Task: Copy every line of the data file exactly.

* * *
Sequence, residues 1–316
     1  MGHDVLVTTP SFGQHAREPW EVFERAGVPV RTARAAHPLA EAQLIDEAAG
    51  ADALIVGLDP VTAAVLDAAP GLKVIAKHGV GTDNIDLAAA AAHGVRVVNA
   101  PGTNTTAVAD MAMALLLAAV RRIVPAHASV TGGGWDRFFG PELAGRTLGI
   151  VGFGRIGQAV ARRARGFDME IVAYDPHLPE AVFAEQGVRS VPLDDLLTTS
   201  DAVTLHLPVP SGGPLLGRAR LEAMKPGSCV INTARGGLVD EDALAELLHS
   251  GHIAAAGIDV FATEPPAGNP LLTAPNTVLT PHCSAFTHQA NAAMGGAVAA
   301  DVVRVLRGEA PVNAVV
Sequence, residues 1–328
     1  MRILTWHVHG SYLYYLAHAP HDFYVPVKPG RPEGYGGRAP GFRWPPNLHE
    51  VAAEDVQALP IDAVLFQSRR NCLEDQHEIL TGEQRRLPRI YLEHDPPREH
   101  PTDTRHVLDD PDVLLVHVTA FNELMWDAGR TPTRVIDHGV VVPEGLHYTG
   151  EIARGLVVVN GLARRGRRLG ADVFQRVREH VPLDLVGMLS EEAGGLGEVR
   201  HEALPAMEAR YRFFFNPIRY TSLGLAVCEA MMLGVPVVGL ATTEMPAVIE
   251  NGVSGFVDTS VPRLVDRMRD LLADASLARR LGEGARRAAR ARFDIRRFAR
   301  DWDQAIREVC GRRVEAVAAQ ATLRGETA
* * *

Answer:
Sequence, residues 1–316
     1  MGHDVLVTTP SFGQHAREPW EVFERAGVPV RTARAAHPLA EAQLIDEAAG
    51  ADALIVGLDP VTAAVLDAAP GLKVIAKHGV GTDNIDLAAA AAHGVRVVNA
   101  PGTNTTAVAD MAMALLLAAV RRIVPAHASV TGGGWDRFFG PELAGRTLGI
   151  VGFGRIGQAV ARRARGFDME IVAYDPHLPE AVFAEQGVRS VPLDDLLTTS
   201  DAVTLHLPVP SGGPLLGRAR LEAMKPGSCV INTARGGLVD EDALAELLHS
   251  GHIAAAGIDV FATEPPAGNP LLTAPNTVLT PHCSAFTHQA NAAMGGAVAA
   301  DVVRVLRGEA PVNAVV
Sequence, residues 1–328
     1  MRILTWHVHG SYLYYLAHAP HDFYVPVKPG RPEGYGGRAP GFRWPPNLHE
    51  VAAEDVQALP IDAVLFQSRR NCLEDQHEIL TGEQRRLPRI YLEHDPPREH
   101  PTDTRHVLDD PDVLLVHVTA FNELMWDAGR TPTRVIDHGV VVPEGLHYTG
   151  EIARGLVVVN GLARRGRRLG ADVFQRVREH VPLDLVGMLS EEAGGLGEVR
   201  HEALPAMEAR YRFFFNPIRY TSLGLAVCEA MMLGVPVVGL ATTEMPAVIE
   251  NGVSGFVDTS VPRLVDRMRD LLADASLARR LGEGARRAAR ARFDIRRFAR
   301  DWDQAIREVC GRRVEAVAAQ ATLRGETA